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The Werfer-Granate 21 rocket launcher, also known as the BR 21 (the "BR" standing for Bordrakete) in official Luftwaffe manuals, was a weapon used by the German Luftwaffe during World War II and was the first on-board rocket placed into service by the Luftwaffe, first introduced in mid 1943. The weapon was developed by Rheinmetall-Borsig under the leadership of Dipl.-Ing. Rudolf Nebel, who had pioneered German use of wing-mounted offensive rocketry in World War I with the Luftstreitkräfte.
The tight formations flown by USAAF heavy bombers allowed their defensive heavy machine guns to provide mutual cover to one another, and such a combat box was an extremely dangerous environment for a fighter aircraft to fly through, with dozens of heavy machine guns aimed at attacking Luftwaffe fighters from almost every conceivable direction. This led to numerous efforts to develop weapons that could attack the bombers outside the nominal 1,000 yards (910 m) effective range of their defensive guns.
This weapon enabled the German pilots to attack their bomber targets from a safer distance of over a kilometer, where the risk of being hit was much reduced. While a single fighter's payload of two or four such rockets was extremely unlikely to score a hit, a mass launch by an entire fighter squadron (a Staffel of 12-16 aircraft) as it arrived to intercept the bombers would likely score two or three hits, about 15% accuracy. The rocket's huge blast radius also compensated for inaccuracy, and even a non-lethal hit on a bomber by a showering of shrapnel would have psychological effects and perhaps cause it to take evasive manœuvres that would drive it from the protection of its fellows.
Design and capabilitiesEdit
Modified from the 21 cm Nebelwerfer 42 infantry barrage rocket projectile and reconfigured for air-launch, the spin-stabilised rocket was propelled by 18.4 kilograms (41 lb) diglycol solid fuel, and the warhead weighed 40.8 kilograms (90 lb). The Wfr. Gr. 21's projectile had a velocity of 320 metres (350 yd) per second (1,150 km/h, 716 mph) and a maximum range of 1,200 metres (1,300 yd). The rocket and tube weighed some 112 kilograms (247 lb) in total. A time fuse detonated the warhead at a pre-set distance of 600 metres (2,000 ft) to 1,200 metres (3,900 ft) from launch point, resulting in a lethal blast area approximately 30 metres (98 ft) wide.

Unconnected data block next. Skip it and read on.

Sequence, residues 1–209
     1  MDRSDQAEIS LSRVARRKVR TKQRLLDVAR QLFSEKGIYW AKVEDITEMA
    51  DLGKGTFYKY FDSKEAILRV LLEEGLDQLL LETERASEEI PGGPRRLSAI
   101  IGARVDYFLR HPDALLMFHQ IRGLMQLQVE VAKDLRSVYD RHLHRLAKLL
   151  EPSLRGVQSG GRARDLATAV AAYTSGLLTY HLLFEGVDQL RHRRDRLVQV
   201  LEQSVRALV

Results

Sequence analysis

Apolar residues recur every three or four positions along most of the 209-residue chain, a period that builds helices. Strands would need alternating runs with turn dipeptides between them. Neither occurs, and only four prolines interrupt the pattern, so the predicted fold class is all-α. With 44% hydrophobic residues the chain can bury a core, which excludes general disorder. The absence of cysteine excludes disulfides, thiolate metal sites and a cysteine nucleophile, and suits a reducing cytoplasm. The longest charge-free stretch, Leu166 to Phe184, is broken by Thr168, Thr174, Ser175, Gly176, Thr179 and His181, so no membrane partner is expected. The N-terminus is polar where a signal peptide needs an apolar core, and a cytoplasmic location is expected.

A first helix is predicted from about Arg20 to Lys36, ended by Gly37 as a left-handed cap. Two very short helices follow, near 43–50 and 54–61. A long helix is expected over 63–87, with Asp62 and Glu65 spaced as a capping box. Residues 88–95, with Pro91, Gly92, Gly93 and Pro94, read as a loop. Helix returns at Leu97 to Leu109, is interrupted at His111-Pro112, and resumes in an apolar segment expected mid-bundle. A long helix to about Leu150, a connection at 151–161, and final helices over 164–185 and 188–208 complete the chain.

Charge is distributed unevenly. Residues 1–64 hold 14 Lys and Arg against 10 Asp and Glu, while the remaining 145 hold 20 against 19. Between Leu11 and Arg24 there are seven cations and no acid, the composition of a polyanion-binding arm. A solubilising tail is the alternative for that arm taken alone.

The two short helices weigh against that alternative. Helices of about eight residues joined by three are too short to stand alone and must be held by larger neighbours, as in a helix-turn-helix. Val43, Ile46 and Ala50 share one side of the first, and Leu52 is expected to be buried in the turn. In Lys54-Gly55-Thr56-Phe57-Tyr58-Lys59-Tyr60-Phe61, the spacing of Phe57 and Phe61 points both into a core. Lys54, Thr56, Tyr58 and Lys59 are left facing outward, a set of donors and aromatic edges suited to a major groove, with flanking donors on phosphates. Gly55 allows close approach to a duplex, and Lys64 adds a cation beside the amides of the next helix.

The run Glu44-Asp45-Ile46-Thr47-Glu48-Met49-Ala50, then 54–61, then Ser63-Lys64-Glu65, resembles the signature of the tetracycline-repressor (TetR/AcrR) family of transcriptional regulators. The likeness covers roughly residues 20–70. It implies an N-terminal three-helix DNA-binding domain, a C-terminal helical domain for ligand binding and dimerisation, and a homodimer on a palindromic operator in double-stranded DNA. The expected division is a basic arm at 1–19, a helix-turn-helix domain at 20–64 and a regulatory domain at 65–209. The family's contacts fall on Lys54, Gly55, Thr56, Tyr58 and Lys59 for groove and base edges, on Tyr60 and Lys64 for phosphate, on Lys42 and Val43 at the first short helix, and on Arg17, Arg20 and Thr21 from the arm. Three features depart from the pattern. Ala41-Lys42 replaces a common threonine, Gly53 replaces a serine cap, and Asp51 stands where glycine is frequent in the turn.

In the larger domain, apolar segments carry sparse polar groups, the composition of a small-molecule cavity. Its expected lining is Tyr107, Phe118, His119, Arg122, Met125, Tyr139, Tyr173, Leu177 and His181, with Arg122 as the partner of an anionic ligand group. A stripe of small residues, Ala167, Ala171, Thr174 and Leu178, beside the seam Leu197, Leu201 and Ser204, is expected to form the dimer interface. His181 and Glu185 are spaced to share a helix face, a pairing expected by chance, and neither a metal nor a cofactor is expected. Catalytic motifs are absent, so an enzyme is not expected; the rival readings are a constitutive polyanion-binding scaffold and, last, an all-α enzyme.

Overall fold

Single seat fighters carried a single tubular launcher under each wing, while the Zerstörer heavy twin engine fighters carried two under each wing. Operationally the weapon had several disadvantages; the launcher tubes produced significant air resistance, as well as reduced speed, maneuverability and general performance. Unlike the firmly attached underwing conformal gun pods carried by many Luftwaffe anti-bomber single-engined fighters, the BR 21's tube launchers were jettisonable, and once the rocket had been fired the fighter could revert to a 'clean' profile.
The relatively low velocity of the rocket created a considerable problem in attempting to counter the resultant ballistic drop of such a slow-moving projectile, which required that the launcher tubes be mounted at a roughly 15° angle upwards from the line of flight, causing considerable drag on the airframe of the carrier aircraft. The low launch velocity also meant accurate aiming was difficult, as it was for the attacking pilot to accurately judge the distance to the target. As a result, most of the rockets fired exploded either in front of or behind the bomber target. However, they did often achieve the effect of opening up the bomber formations enough for fighters to attack with conventional weapons.
Aircraft armed with the Wfr. Gr. 21Edit
Underwing mount (singly, one under each wing)
- Focke-Wulf Fw 190 A-7 and newer: as Rüstsatz 6 (/R6) modification
- Messerschmitt Bf 109G: as BR21 modification
Underwing mount (two under each wing)
Under-fuselage mount (one each side, from bomb racks flanking nosegear well)
Outside the Luftwaffe
- Tiny Tim, largest calibre (298 mm) aerial rocket of the U.S. Armed Forces in WW II
- Mark Axworthy, London: Arms and Armour, 1995, Third Axis, Fourth Ally: Romanian Armed Forces in the European War, 1941–1945, p. 265